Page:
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Wednesday, June 29, 2022

Segolene Royal wins primary election in France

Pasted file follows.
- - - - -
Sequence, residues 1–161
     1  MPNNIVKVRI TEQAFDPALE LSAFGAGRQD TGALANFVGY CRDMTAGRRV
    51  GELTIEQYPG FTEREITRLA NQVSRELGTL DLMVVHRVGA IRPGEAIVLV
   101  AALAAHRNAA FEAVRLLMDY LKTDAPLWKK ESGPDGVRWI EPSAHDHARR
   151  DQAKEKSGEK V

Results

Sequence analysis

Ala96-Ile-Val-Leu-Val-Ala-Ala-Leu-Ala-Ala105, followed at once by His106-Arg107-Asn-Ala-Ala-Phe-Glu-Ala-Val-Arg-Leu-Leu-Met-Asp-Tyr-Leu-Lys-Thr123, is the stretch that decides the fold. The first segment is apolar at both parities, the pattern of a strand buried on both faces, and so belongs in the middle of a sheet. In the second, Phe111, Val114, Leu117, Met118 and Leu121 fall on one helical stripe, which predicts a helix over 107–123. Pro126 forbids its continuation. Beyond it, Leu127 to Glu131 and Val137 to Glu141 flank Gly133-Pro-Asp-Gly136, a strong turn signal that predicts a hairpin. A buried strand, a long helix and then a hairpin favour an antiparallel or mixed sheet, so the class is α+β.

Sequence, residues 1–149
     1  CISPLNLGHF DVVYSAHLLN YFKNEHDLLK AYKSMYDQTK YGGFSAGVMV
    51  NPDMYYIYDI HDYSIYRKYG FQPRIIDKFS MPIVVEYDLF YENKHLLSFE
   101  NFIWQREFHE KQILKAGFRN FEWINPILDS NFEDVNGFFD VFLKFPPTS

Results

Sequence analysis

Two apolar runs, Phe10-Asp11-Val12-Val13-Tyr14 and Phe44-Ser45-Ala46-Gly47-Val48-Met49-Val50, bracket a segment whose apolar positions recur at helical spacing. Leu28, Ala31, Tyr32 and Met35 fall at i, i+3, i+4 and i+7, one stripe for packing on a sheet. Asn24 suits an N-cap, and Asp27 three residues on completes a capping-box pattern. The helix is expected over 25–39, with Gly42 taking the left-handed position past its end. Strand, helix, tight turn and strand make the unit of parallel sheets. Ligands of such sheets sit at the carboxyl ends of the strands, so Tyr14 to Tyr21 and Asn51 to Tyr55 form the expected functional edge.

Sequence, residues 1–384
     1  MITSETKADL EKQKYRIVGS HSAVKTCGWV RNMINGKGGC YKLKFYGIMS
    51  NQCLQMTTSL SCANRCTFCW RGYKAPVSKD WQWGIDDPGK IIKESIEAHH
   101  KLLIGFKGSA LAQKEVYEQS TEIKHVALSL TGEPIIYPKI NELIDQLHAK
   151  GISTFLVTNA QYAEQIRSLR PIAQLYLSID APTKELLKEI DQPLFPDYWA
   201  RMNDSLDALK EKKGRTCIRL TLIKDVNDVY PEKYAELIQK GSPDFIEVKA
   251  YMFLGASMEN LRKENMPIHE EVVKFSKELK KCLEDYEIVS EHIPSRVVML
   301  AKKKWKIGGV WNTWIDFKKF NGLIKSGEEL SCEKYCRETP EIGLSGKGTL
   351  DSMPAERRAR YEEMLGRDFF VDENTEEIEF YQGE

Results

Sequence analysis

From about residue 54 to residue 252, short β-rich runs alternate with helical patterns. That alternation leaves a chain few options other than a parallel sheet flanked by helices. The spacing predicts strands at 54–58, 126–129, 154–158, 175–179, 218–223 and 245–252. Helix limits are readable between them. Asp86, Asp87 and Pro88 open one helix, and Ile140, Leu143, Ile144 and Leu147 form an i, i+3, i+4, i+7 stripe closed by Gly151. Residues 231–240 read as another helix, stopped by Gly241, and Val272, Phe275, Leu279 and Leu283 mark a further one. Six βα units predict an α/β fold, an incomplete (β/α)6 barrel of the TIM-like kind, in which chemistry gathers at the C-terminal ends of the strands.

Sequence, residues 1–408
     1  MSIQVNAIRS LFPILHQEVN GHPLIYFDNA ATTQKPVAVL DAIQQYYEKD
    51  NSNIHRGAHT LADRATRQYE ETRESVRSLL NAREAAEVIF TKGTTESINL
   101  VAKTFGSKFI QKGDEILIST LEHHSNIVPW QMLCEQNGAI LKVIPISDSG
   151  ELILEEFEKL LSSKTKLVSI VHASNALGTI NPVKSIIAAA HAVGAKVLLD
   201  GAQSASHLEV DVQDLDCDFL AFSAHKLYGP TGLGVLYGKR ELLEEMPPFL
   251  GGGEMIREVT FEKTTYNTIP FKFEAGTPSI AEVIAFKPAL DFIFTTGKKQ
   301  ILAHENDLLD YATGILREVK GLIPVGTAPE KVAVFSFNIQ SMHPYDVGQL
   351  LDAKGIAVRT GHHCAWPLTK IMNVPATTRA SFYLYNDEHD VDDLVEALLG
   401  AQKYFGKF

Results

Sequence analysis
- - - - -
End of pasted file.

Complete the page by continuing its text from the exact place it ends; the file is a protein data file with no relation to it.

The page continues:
CSMS Magazine Staff WritersIn a giant leap to becoming the country’s first woman president, Segolene Royal won a commending victory over her rivals last night during the French Socialist Party primary election. Segolene, 53, pledged a new style of leadership as she spoke before a crowd of supporters. “The world has changed. France has moved, so politics must change,” she said in a speech in Melle in the western Poitou-Charentes region, where she is regional president. Over 60 percent of the twenty-two thousand party members who voted last night endorsed Royal as their party candidate. “I do not only want to embody this profound change but to build it with you,” she said.Royal is now presenting herself as a new face in French politic, a face willing to listen to the concerns of ordinary people despite the fact she has been in politic for years, including personal advisor to late French president, Francois Mitterand. Her victory has enraged her opponents who claim that her inexperience in foreign diplomacy would render a victory in the national election scheduled for next year all but impossible. “The French are ready for reform, but they’re not going to consent to decisions imposed on them without their involvement,” a smiling Royal told supporters on Friday. The scale of her win over former Finance Minister Dominique Strauss-Kahn and former Prime Minister Laurent Fabius confounded leftist critics who had portrayed her as a lightweight populist ready to throw the party’s convictions out the window.Segolene’s victory last night has set the tone for next year’s election as it places her to face “la droite” likely candidate, hard-line Interior Minister Nicolas Sarkozy. An Ipsos opinion poll published in the weekly Le Point on Thursday predicted a 50-50 draw in a runoff between Royal and Sarkozy, leader of the ruling rightist party, the Union for a Popular Movement (UMP).Many observers believe that before confronting Sarkozy, however, she will need to rebuild a splintered left deeply scarred by the 2002 presidential election, when Socialist candidate Lionel Jospin was knocked out by far-right leader Jean-Marie Le Pen.The task might be difficult because she has campaigned on positions at odds with the traditional party line, such as questioning the 35-hour work week or calling for boot camps for young delinquents—positions associated with the right.The so-called Socialist Party is nothing but a bourgeois Social Democratic Party totally committed to upholding the status quo, including maintaining French domination in Sub-Saharan Africa, the Indian ocean and the Caribbean. And if the arrogance of Sarkozy has forced the plight of millions of African immigrants to the spotlight in France, one has to acknowledge that several years of “Socialist” governments did nothing to alleviate their sufferings.

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